Subcommittee Examines India’s Emerging Unfair Trade Practices

June 27, 2013

WASHINGTON, DC – The Subcommittee on Commerce, Manufacturing, and Trade, chaired by Rep. Lee Terry (R-NE), today held a hearing on “A Tangle of Trade Barriers: How India’s Industrial Policy is Hurting U.S. Companies.” The United States and India have a strong and growing trade relationship, with India ranking as the United States’ 13th largest trading partner in 2011. But this important trade partnership is being threatened by emerging discriminatory trade practices and other non-tariff barriers such as localization requirements and policies that violate internationally accepted intellectual property standards.

“Guided by their national manufacturing policy, India has begun engaging in a growing pattern of unfair and discriminatory trade practices which are directly harming U.S. companies in a wide variety of sectors—especially pharmaceuticals, energy technologies, and information and communications technology,” said Terry. “This committee is deeply concerned about the long-term effects these actions may have on U.S. companies and workers.”

Witnesses at today’s hearing highlighted how India’s recent actions are affecting U.S. companies, manufacturers, jobs, and the economy. Many policies, primarily those related to intellectual property, adopted by the government of India over the past two years have raised serious concerns about the future of the U.S.-India trade relationship.

“In 2010, the then-President of India declared the next 10 years to be India’s ‘Decade of Innovation,’” said Mark Elliot, Executive Vice President of Global Intellectual Property Center at the U.S. Chamber of Commerce. “Unfortunately, India’s policies are inconsistent with their former President’s statement. Over the last 18 months, particular policy, regulatory, and legal decisions have deteriorated their IP system, making India an outlier in the international community.”

Roy Waldron, Chief Intellectual Property Officer for Pfizer Inc., expressed that India’s unfair practices have undermined Pfizer’s “ability to innovate, create jobs and provide faster access to life-saving medicines.” He explained that India’s abuse of patents has had a negative effect on Pfizer’s ability to recoup research and development costs, often exceeding $1 billion. “Since early 2012, India’s policies and actions have undermined patent rights for at least nine innovative medicines. Many of these medicines have received patent protection in most countries across the world, suggesting that India is an outlier in recognizing and enforcing patent rights,” said Waldron. “This is not only creating significant uncertainty in the market but it also undermines our ability to compete fairly in India, and our willingness to invest there.”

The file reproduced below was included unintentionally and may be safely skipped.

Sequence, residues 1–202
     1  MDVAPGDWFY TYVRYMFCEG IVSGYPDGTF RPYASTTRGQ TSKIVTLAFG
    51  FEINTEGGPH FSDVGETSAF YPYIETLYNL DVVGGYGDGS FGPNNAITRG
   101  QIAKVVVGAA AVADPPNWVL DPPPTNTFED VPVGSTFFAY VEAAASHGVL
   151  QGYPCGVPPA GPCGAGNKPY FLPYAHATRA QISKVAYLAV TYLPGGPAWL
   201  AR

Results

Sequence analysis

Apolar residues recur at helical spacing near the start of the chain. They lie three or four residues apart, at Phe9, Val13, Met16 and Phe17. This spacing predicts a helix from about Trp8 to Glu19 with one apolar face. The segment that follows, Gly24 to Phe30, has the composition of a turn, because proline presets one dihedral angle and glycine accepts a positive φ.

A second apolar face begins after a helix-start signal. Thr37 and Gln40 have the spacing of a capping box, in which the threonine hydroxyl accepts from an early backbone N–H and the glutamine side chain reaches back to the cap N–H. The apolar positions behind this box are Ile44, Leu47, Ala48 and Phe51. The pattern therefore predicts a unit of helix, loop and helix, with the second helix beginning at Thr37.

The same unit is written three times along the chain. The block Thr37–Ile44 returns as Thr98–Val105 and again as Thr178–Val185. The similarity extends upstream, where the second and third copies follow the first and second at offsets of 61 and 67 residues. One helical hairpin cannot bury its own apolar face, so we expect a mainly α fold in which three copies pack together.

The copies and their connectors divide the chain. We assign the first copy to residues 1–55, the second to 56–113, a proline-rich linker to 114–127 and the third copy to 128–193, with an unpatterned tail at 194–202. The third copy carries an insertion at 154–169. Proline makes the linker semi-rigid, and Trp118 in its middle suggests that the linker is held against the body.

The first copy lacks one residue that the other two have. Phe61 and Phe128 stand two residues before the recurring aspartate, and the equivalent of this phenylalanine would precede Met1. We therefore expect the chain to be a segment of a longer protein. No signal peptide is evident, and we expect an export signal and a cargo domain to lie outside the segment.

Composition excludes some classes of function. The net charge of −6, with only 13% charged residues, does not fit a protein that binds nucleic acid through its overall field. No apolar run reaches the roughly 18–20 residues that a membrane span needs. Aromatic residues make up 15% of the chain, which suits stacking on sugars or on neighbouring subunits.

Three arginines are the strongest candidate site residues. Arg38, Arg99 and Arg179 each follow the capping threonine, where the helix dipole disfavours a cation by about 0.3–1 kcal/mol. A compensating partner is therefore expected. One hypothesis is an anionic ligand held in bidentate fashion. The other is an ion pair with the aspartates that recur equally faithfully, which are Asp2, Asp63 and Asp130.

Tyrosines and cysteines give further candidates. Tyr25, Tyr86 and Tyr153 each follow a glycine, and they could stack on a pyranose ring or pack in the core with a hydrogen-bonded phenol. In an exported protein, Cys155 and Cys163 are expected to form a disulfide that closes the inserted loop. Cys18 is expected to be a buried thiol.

Linda Menghetti Dempsey, National Association of Manufacturers Vice President of International Economic Affairs, explained, “Manufacturers in the United States have faced challenges in the Indian market – from very high tariffs and weak intellectual property protection and enforcement to complex and expensive regulatory processes. … Over the past year and a half, we have seen a damaging pattern of actions in India that are discriminating against U.S. exports of a wide array of goods. These actions have no other purpose but to favor India’s domestic corporations in strategic state-favored and state-advantaged sectors at the expense of manufacturing and jobs in the United States.” Recently, NAM, along with 16 other trade organizations, formed the Alliance for Fair Trade with India to press upon the importance to the Obama administration the need to address unfair trade practices with the government of India. “I’m deeply disturbed by the turn of events in India’s intellectual property system,” added full committee Ch

airman Fred Upton (R-MI). “IP-intensive industries contribute over $5 trillion to our economy and support a total of 40 million American jobs. These incursions on their intellectual property rights hurt their bottom line and thus their ability to contribute to our economy and job market – something we cannot take for granted, especially in this fragile economic time.”

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